Another year’s been published. It was one for the books. It’s bound to be remembered, so let’s take one last look at pages filled with busyness and paragraphs of fear. There’re endnotes of a loved one’s death and footnotes of good cheer.
Some chapters point to answered prayer while others reveal stress. No fiction, here. Your story boasts the facts and nothing less.
But all that’s ancient history, now. What’s past is in the past. It’s time to write a sequel filled with mem’ries that will last.
Your yellow pad is a blank slate just like the days ahead. So, trusting in a faithful God, write-on with ink or lead.
Finding God in Bedford Falls? By George, I have. Will you? Like Waldo He keeps showing up amid the many clues.
He’s there at old man Gower’s store. and in the Granville home. You’ll find Him there at Harry’s prom or as George prays alone.
He’s there beside young Zuzu’s bed and at Martini’s bar. To find the Lord within this film, you need not look that far.
He’s there when Mr. Potter tries to trap George in his web. And He is there when George gives up and wishes he was dead.
Although you’ll never see His face, God’s fingerprints abound within this movie millions love. The plot is holy ground!
*Frank Capra’s timeless Christmas movie premiered on December 20, 1946 (exactly 75 years ago). Although it was nominated for five Academy Awards, it didn’t win any. What appeared at first to be a flop has become one of the most inspirational and popular films of all times. The following radio interviews were recently aired, interviewing Greg for his insights on the movie and the festival:
Greg’s book, “Finding God in It’s a Wonderful Life“ is listed on the BOOKS menu at $2.99-$14.99 Lulu Books.
Like the pineapple with which we typically associate the name of Dole, the kid from Russell, Kansas could be prickly on the outside.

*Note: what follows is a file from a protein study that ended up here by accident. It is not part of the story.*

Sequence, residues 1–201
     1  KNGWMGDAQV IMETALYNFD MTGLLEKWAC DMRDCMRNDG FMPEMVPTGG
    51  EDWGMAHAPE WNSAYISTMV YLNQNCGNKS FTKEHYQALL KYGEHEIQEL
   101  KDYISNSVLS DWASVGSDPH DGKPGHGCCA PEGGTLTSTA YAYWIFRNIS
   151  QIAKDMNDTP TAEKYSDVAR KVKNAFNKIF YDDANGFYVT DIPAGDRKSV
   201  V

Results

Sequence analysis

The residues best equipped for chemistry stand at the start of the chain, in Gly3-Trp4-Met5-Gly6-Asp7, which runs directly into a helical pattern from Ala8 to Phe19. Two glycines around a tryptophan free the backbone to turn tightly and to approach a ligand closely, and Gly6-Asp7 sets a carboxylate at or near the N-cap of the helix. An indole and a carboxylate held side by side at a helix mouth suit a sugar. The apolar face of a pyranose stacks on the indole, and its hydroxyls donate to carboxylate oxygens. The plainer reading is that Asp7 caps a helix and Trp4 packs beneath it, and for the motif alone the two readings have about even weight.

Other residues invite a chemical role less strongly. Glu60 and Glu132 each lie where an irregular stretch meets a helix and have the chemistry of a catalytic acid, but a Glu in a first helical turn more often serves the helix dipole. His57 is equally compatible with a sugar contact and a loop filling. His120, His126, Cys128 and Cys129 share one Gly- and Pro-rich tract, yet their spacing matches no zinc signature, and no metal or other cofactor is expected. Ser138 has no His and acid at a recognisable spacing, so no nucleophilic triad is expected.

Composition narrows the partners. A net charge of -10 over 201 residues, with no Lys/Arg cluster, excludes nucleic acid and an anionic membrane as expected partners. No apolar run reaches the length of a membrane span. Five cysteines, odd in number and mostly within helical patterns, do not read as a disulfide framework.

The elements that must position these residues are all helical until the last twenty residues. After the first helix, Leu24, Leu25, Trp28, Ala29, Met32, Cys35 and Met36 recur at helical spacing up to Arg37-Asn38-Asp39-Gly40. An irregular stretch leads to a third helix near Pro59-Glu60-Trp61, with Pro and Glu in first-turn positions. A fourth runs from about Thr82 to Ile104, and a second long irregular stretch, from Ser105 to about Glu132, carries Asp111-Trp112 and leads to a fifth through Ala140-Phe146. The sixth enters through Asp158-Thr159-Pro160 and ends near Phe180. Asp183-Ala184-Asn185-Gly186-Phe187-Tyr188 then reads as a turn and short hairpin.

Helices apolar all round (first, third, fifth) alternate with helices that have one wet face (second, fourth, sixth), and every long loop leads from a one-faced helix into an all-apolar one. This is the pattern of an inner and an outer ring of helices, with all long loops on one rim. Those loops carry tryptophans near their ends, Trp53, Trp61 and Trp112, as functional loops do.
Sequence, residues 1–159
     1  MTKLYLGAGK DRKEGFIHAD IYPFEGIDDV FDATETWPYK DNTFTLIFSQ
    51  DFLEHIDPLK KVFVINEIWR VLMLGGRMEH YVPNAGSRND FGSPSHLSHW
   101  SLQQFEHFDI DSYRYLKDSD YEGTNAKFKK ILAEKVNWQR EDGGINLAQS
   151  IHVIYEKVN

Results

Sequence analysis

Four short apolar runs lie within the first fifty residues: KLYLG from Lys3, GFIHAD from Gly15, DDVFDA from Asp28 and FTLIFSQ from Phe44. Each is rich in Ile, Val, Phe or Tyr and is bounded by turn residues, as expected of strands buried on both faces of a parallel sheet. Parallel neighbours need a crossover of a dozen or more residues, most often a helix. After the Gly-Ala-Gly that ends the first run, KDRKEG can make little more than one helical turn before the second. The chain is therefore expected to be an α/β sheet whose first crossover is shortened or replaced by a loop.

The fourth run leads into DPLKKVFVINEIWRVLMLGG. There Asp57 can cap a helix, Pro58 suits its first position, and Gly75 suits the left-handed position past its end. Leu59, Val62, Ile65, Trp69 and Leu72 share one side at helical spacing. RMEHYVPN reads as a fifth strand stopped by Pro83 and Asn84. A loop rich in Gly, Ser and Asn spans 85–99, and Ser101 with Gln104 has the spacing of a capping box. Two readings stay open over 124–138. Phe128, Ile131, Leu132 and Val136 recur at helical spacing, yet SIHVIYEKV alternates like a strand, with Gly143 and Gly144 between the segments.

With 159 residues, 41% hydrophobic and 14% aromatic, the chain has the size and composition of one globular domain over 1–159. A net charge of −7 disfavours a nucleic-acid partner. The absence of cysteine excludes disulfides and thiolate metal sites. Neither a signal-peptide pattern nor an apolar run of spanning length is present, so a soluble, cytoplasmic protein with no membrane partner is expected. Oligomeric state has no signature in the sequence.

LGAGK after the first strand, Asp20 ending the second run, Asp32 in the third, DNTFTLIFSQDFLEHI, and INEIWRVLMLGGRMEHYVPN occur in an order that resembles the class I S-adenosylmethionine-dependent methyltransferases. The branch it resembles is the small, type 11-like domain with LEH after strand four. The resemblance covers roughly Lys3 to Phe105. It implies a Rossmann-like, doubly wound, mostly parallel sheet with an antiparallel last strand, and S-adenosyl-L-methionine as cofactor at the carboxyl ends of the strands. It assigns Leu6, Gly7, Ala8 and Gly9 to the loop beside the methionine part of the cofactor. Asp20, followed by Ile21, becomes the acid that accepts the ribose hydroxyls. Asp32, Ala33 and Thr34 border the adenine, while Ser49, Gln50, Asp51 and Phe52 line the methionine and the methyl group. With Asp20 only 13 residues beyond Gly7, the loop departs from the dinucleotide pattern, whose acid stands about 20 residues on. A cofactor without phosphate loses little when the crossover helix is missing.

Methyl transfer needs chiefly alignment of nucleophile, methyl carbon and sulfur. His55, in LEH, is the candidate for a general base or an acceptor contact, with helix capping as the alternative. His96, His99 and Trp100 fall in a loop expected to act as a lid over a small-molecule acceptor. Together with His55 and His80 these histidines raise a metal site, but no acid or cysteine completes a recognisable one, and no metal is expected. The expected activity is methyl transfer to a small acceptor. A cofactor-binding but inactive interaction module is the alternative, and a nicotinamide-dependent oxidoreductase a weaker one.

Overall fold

Bob Dole knew how to protect himself. He had a sharp wit. He did not suffer fools gladly. But once you got inside his skin, you’d quickly discover that he was as sweet as they come. This wounded veteran from middle America, empathized with the common man. This admired Senator was a born leader. He became an American hero.
A man who spoke his mind, Bob had the innate ability to dole out both criticisms and affirmations when deserved.
But unlike Paul Hollywood (of The Great British Bakeoff fame), this one whose death we grieve today would never extend the right hand of fellowship. His injuries from a righteous war left him with the use of his right side. Bob would have to learn to write with a hand that had never previously held a pen.
This remarkable man would also teach us what it meant to be ambidextrous in terms of relationship. He was a capable of friendship with those on both sides of the aisle.
Did I mention that a woman by the name of Elizabeth became the queen of his heart? And from this earthly monarch, Bob discovered what it meant to submit to the rule of Heaven’s King. As a loyal subject, this kid from Kansas came to understand what it means to be a child of God.